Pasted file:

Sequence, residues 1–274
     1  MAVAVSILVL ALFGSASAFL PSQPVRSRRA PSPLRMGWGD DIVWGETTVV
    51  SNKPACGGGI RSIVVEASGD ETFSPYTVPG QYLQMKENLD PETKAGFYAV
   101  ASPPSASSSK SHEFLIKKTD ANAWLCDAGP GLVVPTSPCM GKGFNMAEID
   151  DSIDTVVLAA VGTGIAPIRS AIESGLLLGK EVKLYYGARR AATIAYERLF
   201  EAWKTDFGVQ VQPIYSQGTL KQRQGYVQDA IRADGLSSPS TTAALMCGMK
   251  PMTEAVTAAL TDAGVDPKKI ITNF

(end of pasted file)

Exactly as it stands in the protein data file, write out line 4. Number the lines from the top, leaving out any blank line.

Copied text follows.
   101  ASPPSASSSK SHEFLIKKTD ANAWLCDAGP GLVVPTSPCM GKGFNMAEID